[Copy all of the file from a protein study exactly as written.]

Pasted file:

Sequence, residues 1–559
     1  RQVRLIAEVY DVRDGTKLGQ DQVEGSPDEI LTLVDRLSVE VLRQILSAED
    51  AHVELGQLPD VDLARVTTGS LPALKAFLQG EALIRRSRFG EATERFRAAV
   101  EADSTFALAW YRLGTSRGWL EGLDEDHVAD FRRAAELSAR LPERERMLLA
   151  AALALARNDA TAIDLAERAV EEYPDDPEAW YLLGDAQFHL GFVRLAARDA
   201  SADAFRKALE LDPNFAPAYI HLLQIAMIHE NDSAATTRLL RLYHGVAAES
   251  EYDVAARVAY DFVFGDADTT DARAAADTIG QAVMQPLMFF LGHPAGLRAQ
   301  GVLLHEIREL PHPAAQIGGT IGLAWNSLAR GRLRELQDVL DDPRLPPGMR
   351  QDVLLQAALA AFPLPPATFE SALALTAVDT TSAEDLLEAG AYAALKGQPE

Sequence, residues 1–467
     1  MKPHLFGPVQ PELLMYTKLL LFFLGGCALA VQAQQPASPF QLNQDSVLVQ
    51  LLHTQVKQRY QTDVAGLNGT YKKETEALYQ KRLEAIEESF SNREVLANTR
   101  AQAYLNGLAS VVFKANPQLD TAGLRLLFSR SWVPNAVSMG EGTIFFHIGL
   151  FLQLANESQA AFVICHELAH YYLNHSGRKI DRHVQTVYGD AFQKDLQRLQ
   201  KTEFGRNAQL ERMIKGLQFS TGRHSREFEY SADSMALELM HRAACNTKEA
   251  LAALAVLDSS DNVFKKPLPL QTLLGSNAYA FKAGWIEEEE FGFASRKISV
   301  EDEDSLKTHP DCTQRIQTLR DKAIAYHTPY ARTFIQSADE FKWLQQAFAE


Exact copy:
Sequence, residues 1–559
     1  RQVRLIAEVY DVRDGTKLGQ DQVEGSPDEI LTLVDRLSVE VLRQILSAED
    51  AHVELGQLPD VDLARVTTGS LPALKAFLQG EALIRRSRFG EATERFRAAV
   101  EADSTFALAW YRLGTSRGWL EGLDEDHVAD FRRAAELSAR LPERERMLLA
   151  AALALARNDA TAIDLAERAV EEYPDDPEAW YLLGDAQFHL GFVRLAARDA
   201  SADAFRKALE LDPNFAPAYI HLLQIAMIHE NDSAATTRLL RLYHGVAAES
   251  EYDVAARVAY DFVFGDADTT DARAAADTIG QAVMQPLMFF LGHPAGLRAQ
   301  GVLLHEIREL PHPAAQIGGT IGLAWNSLAR GRLRELQDVL DDPRLPPGMR
   351  QDVLLQAALA AFPLPPATFE SALALTAVDT TSAEDLLEAG AYAALKGQPE

Sequence, residues 1–467
     1  MKPHLFGPVQ PELLMYTKLL LFFLGGCALA VQAQQPASPF QLNQDSVLVQ
    51  LLHTQVKQRY QTDVAGLNGT YKKETEALYQ KRLEAIEESF SNREVLANTR
   101  AQAYLNGLAS VVFKANPQLD TAGLRLLFSR SWVPNAVSMG EGTIFFHIGL
   151  FLQLANESQA AFVICHELAH YYLNHSGRKI DRHVQTVYGD AFQKDLQRLQ
   201  KTEFGRNAQL ERMIKGLQFS TGRHSREFEY SADSMALELM HRAACNTKEA
   251  LAALAVLDSS DNVFKKPLPL QTLLGSNAYA FKAGWIEEEE FGFASRKISV
   301  EDEDSLKTHP DCTQRIQTLR DKAIAYHTPY ARTFIQSADE FKWLQQAFAE